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Home » » How effectively does Donne combine thought and image in his poems?
Donne, like other metaphysical poets, uses images extensively but his imagery is invariably unusual and striking, often breath-taking but sometimes far-fetched and fantastic. The purpose of an image in his poetry is to define an emotional experience by an intellectual parallel.

Donne is a poet of wide range of knowledge and this helps him draw many striking images and comparisons. He is well versed in most of the subjects that excite the cultivated minds in his age. Astronomy, chemistry, geography, physiology, law, theology, voyages and discoveries are the fields of study in which he draws upon in differently for illustration.

It will be, however, admitted that Donne's imagery contributes a great deal to the difficulty which readers today experience in reading his poems, because it is a complex and curious process through which he brings together the opposites of life, body and soul, heaven and earth, the bed of the lovers and the universe, life and death, etc. in one breath. Huge concepts are closely packed together within a little space that they create a great confusion in the reader's minds. So, to understand him properly the readers must follow point by point the logical parallel to his emotions which his imagery provides.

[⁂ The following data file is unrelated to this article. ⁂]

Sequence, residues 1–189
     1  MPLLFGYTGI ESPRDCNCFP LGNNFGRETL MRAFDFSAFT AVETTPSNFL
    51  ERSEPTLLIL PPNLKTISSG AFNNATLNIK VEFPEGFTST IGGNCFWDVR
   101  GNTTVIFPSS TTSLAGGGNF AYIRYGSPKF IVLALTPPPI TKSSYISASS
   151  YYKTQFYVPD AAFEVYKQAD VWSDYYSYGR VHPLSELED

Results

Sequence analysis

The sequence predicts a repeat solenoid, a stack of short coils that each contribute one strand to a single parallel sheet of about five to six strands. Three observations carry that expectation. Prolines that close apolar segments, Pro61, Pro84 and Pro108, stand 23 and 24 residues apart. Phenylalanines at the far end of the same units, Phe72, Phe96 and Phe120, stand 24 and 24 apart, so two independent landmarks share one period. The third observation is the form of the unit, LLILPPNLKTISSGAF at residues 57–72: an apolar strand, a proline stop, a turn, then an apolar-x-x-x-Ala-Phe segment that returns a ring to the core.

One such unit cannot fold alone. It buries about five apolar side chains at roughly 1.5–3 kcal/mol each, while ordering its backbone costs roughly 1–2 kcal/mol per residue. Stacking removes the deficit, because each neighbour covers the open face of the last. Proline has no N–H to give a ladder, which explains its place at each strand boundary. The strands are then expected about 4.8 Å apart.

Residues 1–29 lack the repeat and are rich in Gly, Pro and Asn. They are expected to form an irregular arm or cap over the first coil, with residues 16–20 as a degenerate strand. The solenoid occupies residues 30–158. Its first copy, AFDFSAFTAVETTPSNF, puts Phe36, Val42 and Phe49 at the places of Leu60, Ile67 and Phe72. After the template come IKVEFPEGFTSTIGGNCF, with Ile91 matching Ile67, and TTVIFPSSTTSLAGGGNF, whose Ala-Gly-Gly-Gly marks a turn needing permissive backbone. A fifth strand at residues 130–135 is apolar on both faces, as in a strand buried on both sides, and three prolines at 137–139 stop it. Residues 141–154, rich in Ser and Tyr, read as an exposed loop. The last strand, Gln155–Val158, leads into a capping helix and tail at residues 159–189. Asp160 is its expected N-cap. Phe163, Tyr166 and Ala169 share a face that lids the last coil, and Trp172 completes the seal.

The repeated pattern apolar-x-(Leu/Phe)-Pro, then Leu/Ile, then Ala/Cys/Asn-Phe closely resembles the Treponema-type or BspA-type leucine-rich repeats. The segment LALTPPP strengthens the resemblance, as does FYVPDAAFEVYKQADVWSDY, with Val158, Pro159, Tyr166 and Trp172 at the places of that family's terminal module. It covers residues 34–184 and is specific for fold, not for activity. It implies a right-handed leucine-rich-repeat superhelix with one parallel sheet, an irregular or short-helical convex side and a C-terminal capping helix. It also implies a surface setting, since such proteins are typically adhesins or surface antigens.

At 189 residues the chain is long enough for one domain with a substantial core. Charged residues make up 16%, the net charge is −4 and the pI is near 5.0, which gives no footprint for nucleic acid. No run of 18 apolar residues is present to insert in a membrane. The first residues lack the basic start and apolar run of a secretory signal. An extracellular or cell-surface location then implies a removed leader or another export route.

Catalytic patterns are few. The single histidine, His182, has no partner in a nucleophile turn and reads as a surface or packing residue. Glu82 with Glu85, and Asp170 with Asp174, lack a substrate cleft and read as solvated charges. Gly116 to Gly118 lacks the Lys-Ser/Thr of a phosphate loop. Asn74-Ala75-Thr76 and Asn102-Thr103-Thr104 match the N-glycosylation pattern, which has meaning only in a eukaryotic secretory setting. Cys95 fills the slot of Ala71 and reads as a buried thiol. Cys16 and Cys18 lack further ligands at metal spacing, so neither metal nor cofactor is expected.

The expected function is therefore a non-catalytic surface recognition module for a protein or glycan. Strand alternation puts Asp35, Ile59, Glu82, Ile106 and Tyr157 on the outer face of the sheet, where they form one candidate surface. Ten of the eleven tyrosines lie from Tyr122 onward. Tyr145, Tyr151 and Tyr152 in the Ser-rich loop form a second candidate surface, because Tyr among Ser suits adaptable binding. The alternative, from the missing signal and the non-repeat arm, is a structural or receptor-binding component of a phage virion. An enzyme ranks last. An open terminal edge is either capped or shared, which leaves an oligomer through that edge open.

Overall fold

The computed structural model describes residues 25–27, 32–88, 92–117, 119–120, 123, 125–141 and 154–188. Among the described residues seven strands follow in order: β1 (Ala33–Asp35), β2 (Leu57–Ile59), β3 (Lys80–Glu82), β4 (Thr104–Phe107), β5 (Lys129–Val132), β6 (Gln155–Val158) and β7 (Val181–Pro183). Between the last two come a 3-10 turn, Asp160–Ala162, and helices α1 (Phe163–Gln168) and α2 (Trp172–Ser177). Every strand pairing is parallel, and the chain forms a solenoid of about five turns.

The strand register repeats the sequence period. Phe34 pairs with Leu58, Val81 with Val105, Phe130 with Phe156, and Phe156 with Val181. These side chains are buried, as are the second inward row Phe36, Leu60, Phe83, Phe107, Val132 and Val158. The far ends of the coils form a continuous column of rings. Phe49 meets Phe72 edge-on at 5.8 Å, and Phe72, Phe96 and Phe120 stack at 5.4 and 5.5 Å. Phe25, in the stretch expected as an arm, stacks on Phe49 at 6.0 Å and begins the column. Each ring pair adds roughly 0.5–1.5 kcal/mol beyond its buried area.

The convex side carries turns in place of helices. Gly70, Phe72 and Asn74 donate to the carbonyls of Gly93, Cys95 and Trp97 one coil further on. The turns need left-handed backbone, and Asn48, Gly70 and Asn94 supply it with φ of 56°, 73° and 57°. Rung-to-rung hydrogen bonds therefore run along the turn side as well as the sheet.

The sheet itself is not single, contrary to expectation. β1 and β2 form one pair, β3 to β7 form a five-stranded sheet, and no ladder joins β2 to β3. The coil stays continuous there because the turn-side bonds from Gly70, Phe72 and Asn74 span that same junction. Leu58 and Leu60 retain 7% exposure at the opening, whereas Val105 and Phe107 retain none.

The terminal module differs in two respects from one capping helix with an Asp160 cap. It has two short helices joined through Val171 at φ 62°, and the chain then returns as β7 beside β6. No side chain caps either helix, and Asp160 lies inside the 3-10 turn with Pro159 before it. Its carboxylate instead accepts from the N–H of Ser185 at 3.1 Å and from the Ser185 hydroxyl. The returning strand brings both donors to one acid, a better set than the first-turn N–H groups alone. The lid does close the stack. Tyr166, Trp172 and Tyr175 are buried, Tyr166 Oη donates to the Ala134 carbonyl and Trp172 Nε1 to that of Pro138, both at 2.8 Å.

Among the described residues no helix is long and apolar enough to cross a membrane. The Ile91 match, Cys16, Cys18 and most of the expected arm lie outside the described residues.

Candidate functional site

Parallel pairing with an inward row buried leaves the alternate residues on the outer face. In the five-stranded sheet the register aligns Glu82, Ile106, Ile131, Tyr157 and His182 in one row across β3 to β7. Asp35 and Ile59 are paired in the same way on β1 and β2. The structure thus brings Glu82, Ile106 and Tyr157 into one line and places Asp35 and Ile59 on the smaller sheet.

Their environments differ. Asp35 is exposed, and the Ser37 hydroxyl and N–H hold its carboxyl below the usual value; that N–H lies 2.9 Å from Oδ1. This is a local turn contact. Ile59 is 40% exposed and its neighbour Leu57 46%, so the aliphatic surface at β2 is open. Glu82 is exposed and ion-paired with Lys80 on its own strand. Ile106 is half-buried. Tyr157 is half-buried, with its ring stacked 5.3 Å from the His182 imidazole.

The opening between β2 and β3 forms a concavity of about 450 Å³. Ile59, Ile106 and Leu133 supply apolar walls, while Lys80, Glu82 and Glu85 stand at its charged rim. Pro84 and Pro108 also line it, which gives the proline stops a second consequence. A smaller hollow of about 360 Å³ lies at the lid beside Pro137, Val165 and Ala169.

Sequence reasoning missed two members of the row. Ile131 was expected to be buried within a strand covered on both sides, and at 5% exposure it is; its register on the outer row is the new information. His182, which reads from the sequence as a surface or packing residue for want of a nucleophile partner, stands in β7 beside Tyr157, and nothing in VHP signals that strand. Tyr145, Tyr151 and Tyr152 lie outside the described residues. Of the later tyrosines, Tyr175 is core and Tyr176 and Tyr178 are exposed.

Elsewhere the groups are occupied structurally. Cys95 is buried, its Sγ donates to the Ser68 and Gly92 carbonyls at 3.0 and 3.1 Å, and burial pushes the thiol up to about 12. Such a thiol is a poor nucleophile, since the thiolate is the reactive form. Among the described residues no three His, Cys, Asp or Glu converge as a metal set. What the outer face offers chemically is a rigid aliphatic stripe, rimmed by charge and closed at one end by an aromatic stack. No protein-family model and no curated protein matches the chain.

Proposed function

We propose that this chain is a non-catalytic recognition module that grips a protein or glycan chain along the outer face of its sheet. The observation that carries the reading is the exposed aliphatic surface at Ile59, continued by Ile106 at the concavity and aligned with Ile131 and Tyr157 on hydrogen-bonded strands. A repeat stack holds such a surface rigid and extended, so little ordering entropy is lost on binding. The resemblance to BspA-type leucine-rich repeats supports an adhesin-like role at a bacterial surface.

"The Good Morrow" is pregnant with a number of images drawn from different sources: myth, the geographical world etc. To show the perfect world of love, Donne refers to the two hemispheres of the globe. The poet says that the world of the lovers has neither sharp north, nor declining west. They are unlikely to change or suffer a decline as their love is equal on both sides. Thus the imagery used in this poem, illustrates Donne's extravagant intellectual power for expressing a strong feeling.

Similarly, in "Twicknam Garden" the poet compares his passion of love to a poisonous spider and his feeling of jealousy to a serpent. With the help of conceits the poet draws the image of a spider, enmeshing everything and turning it to poisonous something, and the image of Eden where Eve was tempted to taste the forbidden fruit by Satan in the guise of a serpent:  

"But O, self traitor, I do bring The spider love, which transubstantiates all,And can convert manna to gall, And that this place may thoroughly be thought.True paradise, I have the serpent brought."

To sum up, Donne has effectively combined thought and image in his love poetry. By using wonderful and far-fetched similes, wits and conceits, logical arguments, he has brought out concentrated passion, intellectual agility and dramatic power which have given his poetry a kind of novelty and distinction from his predecessors. The nature of Donne's imagery calls for some of the strangeness felt by a modern reader who encounters his poetry for the first time.
Donne combine thought and image in his poems

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